Perhaps the fact that the calendar year is coming to an end this week is bringing this to my mind. I've been thinking of the first half of our homeschool academic year and thinking forward to the second half.
Our family's homeschool academic year starts on July 1. I chose this to be in alignment with American society who ranks children by their grade level. To enroll into summer classes and camps even a homeschooled child must use society's classifications of grade level, and the society considers the school year ended near the end of June, calling the rank of a child for the summer months as the grade that will begin officially in September. So it is the same with us.
This year for the first time we homeschooled through the summer. Yes, we traveled and took vacations and did typical summer things such as attend Cub Scout sleepover camp and Boy Scout camp too. We did a lighter schedule and only limited subject work. The reason for this was that I was feeling that due to being over-scheduled with outside paid educational and enriching classes plus the extra-curricular things such as music lessons and Scouts last year, that my kids could use more focused time on some of the Three R's. It also struck me clearly at the end of the last academic year that keeping up a full-tilt home lesson schedule while being also busy with outside classes and cyclical events (i.e. participation in the Science Olympiad) is just not possible. The kids get fried; they can only absorb so much, or be 'on' so much. Rather than isolate ourselves at home to concentrate on home studies I thought some other arrangement of studies may work out better.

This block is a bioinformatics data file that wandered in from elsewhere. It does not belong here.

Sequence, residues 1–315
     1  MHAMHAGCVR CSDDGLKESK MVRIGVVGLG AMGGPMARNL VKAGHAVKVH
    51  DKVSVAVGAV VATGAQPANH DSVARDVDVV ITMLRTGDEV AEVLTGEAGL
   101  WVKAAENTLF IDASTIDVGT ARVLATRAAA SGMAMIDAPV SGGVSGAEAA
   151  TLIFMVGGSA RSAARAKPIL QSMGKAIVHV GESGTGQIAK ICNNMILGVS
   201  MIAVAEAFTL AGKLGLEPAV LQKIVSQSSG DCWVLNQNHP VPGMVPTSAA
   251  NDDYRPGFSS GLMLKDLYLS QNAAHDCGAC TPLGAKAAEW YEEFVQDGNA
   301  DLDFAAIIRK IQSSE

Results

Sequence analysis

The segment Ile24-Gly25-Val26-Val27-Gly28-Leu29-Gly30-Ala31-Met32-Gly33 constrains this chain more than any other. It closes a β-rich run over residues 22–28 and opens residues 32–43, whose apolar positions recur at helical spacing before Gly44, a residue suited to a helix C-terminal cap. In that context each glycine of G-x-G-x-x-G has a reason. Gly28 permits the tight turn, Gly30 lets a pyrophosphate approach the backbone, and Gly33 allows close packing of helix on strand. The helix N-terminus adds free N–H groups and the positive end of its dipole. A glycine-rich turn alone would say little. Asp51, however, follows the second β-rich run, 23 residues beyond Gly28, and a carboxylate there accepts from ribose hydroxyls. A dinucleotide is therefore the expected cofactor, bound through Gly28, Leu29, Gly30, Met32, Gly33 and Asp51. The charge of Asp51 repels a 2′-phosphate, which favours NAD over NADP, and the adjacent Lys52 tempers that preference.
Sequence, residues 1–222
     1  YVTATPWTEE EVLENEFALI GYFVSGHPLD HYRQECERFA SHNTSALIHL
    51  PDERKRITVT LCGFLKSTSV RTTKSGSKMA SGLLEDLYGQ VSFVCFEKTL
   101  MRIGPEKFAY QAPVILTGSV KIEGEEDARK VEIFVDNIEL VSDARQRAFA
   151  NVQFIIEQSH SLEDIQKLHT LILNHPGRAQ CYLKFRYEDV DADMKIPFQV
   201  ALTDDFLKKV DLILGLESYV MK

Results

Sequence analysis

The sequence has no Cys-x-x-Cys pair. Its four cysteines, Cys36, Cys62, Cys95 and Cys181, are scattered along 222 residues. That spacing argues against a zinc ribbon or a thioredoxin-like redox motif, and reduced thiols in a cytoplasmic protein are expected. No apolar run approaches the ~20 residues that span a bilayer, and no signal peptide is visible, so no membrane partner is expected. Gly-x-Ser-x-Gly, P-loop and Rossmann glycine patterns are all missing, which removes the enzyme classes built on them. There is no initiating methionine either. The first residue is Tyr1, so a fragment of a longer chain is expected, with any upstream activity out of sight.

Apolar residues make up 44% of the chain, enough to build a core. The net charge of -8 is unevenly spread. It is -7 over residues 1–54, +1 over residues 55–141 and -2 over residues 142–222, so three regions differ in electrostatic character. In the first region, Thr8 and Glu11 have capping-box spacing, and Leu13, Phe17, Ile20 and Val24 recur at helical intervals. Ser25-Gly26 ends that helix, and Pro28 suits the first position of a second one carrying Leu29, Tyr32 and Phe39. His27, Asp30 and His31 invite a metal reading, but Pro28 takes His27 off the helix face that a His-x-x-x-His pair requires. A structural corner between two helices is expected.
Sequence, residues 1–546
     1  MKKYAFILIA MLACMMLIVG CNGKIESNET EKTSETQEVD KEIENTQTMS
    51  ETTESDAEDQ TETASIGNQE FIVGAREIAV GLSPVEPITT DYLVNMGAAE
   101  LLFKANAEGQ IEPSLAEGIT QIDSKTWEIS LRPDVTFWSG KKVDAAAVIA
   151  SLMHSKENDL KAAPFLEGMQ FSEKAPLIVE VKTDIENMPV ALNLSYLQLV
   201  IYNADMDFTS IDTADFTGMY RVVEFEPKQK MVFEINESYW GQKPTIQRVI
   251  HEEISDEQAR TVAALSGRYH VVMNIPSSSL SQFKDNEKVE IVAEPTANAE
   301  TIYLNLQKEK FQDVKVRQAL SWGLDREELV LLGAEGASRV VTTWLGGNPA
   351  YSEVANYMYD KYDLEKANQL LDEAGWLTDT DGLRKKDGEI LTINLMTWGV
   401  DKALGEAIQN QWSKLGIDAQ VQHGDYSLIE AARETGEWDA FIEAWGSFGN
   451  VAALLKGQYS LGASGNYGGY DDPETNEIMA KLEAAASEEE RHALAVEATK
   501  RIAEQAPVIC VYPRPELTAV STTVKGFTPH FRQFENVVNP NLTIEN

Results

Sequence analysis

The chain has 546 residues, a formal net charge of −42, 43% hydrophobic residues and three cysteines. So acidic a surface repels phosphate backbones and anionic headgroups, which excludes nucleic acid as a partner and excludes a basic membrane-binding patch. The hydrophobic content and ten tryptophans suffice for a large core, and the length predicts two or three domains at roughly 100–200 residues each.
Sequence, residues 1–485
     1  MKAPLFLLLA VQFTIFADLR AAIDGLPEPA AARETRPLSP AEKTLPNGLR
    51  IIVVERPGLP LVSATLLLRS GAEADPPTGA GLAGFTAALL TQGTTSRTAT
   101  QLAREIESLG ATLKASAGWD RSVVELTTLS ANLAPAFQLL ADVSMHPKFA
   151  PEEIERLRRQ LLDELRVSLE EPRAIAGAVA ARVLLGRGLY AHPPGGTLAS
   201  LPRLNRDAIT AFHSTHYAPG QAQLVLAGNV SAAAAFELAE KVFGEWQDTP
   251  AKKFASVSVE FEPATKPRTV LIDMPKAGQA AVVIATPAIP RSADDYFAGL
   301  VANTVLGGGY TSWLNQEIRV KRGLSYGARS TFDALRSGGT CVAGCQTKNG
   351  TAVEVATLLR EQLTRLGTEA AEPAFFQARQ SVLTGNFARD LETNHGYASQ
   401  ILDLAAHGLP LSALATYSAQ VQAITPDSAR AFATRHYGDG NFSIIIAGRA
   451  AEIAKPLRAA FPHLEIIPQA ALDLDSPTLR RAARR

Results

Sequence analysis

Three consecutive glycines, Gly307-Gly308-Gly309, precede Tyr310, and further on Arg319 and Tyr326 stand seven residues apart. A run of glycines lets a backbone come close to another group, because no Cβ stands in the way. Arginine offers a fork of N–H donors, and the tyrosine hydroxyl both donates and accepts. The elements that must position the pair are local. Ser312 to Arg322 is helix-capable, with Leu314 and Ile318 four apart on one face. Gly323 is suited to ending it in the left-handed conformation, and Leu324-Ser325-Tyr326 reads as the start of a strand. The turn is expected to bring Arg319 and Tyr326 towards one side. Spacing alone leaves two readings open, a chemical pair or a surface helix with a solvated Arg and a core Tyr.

(Above: my older son and Balloon Dog by Jeff Koons at the Brant Foundation, Greenwich, Connecticut, December 2009.)
Another reason that our summer was different was in June 2009 and my older son (then eleven years old) was diagnoses with mono. He had gotten sick yet AGAIN with fever and I looked back to my calendar in which I jot very brief notes on illness and realized he'd had a fever every three weeks since New Years Day but with various other symptoms which were diagnosed as being all different minor illnesses (i.e. ear infection, flu, common viral cold) and sometimes being put onto antibiotics, when having visited the urgent care center on weekends.